Going to college because your parents insist, does not necessarily motivate you to do your best. You have to want it for yourself and you have to expect it to provide you something – satisfaction, accomplishment, knowledge, job, advancement, status, new skills, stop nagging parents J, etc. Take time to discover YOUR purpose for YOUR education. You may have to revisit your education when you discover the meaning, value and have the commitment to align your life responsibilities with this purpose, so that nothing prevents you from earning your degree, except a catastrophic event – your death or your major illness. Notice that I said YOUR again, because often times students allow “family matters” and “personal matters” to cause them to get distracted and venture away from their goals. You may have to put your family on schedule and train them to adapt to your commitment – children, spouse, friends and siblings. Although family is important, you have to look at the situation through new lens.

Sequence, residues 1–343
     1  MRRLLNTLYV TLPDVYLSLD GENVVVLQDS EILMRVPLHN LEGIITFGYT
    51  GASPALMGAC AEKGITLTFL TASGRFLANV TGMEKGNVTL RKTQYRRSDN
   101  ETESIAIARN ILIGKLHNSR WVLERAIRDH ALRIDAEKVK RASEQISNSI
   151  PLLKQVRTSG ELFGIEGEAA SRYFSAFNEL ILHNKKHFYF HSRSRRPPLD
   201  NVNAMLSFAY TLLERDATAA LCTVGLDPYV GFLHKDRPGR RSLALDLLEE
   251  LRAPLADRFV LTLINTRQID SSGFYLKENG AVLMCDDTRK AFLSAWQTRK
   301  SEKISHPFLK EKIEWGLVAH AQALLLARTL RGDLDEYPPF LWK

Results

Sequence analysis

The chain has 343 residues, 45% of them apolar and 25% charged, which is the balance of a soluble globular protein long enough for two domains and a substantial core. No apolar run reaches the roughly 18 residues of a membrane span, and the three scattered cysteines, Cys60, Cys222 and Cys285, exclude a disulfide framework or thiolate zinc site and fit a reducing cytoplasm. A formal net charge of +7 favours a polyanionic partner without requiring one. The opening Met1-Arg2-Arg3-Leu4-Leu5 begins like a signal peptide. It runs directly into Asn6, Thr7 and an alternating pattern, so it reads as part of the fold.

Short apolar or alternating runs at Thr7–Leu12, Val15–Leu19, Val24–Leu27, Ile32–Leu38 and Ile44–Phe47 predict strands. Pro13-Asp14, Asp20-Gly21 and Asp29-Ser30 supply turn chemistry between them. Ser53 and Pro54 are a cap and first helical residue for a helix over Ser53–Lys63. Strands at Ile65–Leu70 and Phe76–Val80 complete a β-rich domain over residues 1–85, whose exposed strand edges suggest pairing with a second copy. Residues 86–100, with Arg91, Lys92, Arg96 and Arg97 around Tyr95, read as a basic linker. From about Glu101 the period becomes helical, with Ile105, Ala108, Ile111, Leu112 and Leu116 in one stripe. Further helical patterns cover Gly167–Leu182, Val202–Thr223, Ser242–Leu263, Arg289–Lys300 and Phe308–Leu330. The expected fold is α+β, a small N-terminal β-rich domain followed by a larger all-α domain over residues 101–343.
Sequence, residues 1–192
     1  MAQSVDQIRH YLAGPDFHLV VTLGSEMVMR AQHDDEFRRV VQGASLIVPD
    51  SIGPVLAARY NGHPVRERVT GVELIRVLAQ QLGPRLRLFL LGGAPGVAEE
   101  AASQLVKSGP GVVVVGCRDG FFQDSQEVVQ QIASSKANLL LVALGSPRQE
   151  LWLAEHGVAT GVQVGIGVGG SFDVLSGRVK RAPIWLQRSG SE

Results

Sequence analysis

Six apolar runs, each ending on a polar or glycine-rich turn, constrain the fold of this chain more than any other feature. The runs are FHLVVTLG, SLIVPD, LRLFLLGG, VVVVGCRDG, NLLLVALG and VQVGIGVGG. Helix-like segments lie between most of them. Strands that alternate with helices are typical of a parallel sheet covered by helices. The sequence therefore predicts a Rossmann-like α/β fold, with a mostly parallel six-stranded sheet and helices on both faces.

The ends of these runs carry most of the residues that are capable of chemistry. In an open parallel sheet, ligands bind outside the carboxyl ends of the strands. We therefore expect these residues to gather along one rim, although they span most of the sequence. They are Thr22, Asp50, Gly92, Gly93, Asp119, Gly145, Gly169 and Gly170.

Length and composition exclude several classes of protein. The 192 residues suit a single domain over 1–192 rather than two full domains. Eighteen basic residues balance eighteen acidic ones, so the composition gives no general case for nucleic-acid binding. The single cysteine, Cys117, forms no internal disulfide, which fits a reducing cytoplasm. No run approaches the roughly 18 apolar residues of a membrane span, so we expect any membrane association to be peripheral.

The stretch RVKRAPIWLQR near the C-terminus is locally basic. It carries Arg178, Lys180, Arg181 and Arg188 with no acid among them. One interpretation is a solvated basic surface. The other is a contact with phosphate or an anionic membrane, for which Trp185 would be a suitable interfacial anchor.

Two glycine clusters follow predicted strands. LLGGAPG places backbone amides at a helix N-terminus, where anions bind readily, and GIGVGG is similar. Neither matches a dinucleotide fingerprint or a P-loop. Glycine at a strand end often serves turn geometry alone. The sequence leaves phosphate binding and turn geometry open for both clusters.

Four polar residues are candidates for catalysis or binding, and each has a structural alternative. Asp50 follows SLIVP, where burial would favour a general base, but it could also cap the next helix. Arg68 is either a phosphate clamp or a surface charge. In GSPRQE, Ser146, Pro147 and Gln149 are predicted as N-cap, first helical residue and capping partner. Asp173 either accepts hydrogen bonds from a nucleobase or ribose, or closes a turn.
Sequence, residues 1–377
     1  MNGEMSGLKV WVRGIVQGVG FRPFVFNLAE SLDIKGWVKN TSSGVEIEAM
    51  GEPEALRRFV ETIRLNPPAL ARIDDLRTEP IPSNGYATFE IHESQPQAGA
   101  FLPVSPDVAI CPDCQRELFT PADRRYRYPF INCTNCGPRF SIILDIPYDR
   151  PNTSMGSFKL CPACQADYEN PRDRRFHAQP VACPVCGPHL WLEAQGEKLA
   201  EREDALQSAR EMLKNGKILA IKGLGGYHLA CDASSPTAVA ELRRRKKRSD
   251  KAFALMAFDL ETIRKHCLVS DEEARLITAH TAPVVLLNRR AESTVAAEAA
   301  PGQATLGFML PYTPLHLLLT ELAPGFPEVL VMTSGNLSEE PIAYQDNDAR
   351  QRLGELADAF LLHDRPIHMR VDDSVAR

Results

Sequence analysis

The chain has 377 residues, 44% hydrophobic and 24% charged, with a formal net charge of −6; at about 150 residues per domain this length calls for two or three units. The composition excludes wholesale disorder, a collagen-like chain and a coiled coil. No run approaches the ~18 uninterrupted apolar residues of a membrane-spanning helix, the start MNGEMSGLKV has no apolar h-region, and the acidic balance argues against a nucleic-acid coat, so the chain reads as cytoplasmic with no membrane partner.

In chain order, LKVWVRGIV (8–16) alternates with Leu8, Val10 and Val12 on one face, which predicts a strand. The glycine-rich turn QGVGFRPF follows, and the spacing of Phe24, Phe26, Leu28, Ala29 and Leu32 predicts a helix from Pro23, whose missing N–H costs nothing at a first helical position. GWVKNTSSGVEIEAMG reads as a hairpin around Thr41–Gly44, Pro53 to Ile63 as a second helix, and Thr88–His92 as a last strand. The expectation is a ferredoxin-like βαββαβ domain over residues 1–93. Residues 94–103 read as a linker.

Not to sound harsh, but please bear with me for a moment. If a family member is dying, you cannot prevent it or cure the individual by sitting next to his or her bed all day every day, and you have to ask yourself would the person truly want you sit next to his or her bed all day and night if it jeopardizes your education and future. Sometimes school can be an outlet for life’s trials and tribulations. When I was an undergraduate, my favorite aunt died and almost two years later, my favorite uncle died. It was very devastating. I made drastic changes – stopped attending college and signed up for the Air Force. Well, I took the ASVAB, passed, packed my things, sold other things and was ready to go off to basic training. However, when it was time to go, there were issues with my contract (blank spaces for the position that I was expecting and broken promises) and I refused to sign the contract or enlist. Eventually, I went back to school after taking a year off to deal with my grief. Thankfully, I was returned and finished, because once you stop, it is difficult to resume. I earned my Bachelor of Science degree two years later and my Master’s degree in the midst of a divorce. I shared this, because it is important to know your purpose and remain focused. Sure, we want to be there for our loved ones when we think they need us, but remember life goes on and there are limitations to what we can do. Stress and worry will never change any situation, but perseverance leads to newfound strength and accomplished goals. Remember, many things are out of our control, so stay focused and live without excuses, even legitimate ones. It is not always easy, but practice makes perfect. Take some time to write down your purpose and uncover what you discover along the journey.